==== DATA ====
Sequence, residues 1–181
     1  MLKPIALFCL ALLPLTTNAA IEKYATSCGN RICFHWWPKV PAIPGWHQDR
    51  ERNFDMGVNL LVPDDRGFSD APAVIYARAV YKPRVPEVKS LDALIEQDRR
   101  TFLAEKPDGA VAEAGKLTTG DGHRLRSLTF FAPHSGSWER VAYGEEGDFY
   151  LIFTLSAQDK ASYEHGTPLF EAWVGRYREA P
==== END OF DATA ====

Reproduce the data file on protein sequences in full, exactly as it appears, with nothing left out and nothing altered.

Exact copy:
Sequence, residues 1–181
     1  MLKPIALFCL ALLPLTTNAA IEKYATSCGN RICFHWWPKV PAIPGWHQDR
    51  ERNFDMGVNL LVPDDRGFSD APAVIYARAV YKPRVPEVKS LDALIEQDRR
   101  TFLAEKPDGA VAEAGKLTTG DGHRLRSLTF FAPHSGSWER VAYGEEGDFY
   151  LIFTLSAQDK ASYEHGTPLF EAWVGRYREA P